Dedicated Starbucks customers know the use of the company’s mobile app and digital payment cards to pay for coffee and other goodies comes with restrictions.
You can only add money to the card in $10 increments and must choose a tip from predetermined choices. That means no loading an exact amount for a single purchase or giving an odd tip amount to get your balance down to zero.
And you can’t split payments between two cards if one doesn’t have enough money on it to cover your purchase, unless you complete the transaction in person.
Critics say those practices are “unfair and deceptive” and last week called on Washington Attorney General Bob Ferguson to investigate whether they violate the state’s consumer protection laws.
In a 15-page complaint, the Washington Consumer Protection Coalition alleges the platforms for the company’s mobile app and digital payment cards are designed to trick customers into a vicious cycle of spending more money than they want – akin to “an involuntary subscription.”
Chris Carter, the coalition’s campaign manager said, “A few dollars here and there left on a payment platform may not sound like a lot but it adds up.”
Over the last five years, he said, the company has claimed nearly $900 million in unspent gift card and app money as corporate revenue.
Leaders of the coalition, whose members include the Washington State Labor Council, the Washington Education Association and Invest in Washington Now, announced the filing of the complaint at a news conference in Seattle.
Brittany Furgason, a customer service agent at SeaTac Airport, is one of the affected customers seeking action against the Seattle-based coffee merchant.
“I personally feel I have a moral obligation to hold corporations accountable to best practices when it comes to the treatment of consumers,” she said. “Consumers should have the freedom to spend the money they have paid to Starbucks completely in the way they choose.”
A spokeswoman for the Attorney General’s Office confirmed receiving materials from the coalition.
“We will be carefully reviewing the information provided,” emailed Ferguson spokeswoman Brionna Aho. “Anyone who suspects they are the victim of an unfair or deceptive practice should file a complaint with our office.”
A Starbucks spokesman said customers appreciate the ease and convenience offered with the app. If one encounters an issue “our Customer Care team will work with them to make it right,” said Sam Jefferies of Starbucks media relations.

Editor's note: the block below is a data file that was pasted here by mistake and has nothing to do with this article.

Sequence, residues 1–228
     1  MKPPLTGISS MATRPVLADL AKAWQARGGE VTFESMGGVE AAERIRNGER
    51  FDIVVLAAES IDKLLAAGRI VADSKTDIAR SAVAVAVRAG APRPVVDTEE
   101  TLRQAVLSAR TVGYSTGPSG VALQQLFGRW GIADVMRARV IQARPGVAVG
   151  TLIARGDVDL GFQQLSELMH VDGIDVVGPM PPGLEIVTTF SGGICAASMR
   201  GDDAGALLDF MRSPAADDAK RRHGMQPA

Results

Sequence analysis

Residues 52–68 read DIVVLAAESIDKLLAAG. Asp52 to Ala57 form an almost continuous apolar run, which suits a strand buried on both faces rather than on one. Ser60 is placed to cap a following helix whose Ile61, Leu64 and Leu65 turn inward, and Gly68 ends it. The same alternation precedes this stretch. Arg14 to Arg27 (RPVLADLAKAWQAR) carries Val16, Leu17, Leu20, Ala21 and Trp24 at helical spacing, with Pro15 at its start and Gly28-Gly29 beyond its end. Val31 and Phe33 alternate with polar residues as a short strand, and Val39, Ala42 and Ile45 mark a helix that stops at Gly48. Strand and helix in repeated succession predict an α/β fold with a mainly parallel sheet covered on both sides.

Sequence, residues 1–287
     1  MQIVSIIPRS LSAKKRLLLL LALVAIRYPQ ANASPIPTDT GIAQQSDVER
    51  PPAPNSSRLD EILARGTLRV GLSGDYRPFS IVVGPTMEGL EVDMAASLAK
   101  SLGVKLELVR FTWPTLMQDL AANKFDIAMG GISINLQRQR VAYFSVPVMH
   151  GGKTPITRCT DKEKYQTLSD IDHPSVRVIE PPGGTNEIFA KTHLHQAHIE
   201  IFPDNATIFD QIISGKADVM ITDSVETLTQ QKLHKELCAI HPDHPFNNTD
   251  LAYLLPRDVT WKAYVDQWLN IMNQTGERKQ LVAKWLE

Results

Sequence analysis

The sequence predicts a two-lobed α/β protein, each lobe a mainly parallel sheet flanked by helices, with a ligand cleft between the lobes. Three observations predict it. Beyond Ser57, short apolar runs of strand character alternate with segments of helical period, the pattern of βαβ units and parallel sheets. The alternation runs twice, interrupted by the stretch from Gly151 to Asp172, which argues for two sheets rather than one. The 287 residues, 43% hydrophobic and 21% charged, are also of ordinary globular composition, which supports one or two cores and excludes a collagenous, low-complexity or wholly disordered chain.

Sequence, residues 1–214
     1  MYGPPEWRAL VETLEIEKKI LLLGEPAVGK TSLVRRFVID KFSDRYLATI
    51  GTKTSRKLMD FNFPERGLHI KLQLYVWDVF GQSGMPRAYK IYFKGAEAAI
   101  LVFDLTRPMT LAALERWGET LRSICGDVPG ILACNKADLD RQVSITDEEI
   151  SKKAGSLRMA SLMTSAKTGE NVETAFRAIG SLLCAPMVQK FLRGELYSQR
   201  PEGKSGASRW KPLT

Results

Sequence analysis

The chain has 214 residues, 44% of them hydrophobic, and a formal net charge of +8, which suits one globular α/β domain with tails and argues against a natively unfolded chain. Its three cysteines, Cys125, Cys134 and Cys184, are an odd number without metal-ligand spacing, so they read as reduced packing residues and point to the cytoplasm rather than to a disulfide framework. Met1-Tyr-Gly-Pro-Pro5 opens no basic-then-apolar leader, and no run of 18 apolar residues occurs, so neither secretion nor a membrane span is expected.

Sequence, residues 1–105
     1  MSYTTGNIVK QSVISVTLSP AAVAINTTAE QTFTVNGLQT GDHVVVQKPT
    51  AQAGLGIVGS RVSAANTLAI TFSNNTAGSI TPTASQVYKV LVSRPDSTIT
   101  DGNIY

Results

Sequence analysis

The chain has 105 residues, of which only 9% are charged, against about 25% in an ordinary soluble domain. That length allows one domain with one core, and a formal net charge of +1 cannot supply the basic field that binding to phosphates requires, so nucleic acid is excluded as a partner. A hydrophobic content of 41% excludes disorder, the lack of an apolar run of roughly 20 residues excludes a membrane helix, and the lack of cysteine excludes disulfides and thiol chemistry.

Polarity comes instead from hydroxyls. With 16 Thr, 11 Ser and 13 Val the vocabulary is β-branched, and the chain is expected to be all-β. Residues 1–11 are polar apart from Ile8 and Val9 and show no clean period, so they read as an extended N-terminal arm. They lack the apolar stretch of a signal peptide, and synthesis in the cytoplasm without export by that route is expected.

Starbucks is committed to working with the state of Washington to ensure it remains in compliance with all state laws and regulations, he said.
‘Trick and manipulate’
Harry Brignull, a user experience designer, coined the term “dark patterns” in 2010. He used it to describe actions a company may build into its platforms that trick or manipulate users into making choices they would not otherwise have made and that may cause harm.
As more and more commerce has moved online, the use of manipulative design practices has grown in scale and sophistication, the Federal Trade Commission reported last year.
The coalition that brought the complaint claims Starbucks designed “dark patterns” into its mobile app and digital payment card platforms.
The mobile app requires a $10 minimum to start and customers are steered into reloading excessive amounts because the pre-select is for $25 when lower amounts are possible.
Because customers cannot reload only what they need to cover a one-time purchase they are pushed into making future purchases, the complaint states.
“This Catch-22 traps customers in a cycle that resembles an involuntary subscription,” the complaint reads.
Customers who come inside a store can avoid such hurdles.
But the complaint argues this isn’t enough.
“The fact that Starbucks makes certain choices impossible via the app that are still available in person suggests Starbucks has deliberately designed its Payment Platform to influence customer behavior in a way that is beneficial for Starbucks but harmful for the consumer,” it reads.
Filing of the complaint coincided with the pre-filing of legislation Wednesday that would prevent Starbucks and other large businesses from continuing to profit from unspent gift cards.
As a result of a 2004 law, businesses can keep the unspent funds and report it as revenue. Bills getting introduced in the House and Senate would require that gift cards with money left on them for three or more years be sent to the state as unclaimed property. That would provide additional time for card holders to access their money.
— By Jerry Cornfield, Washington State Standard
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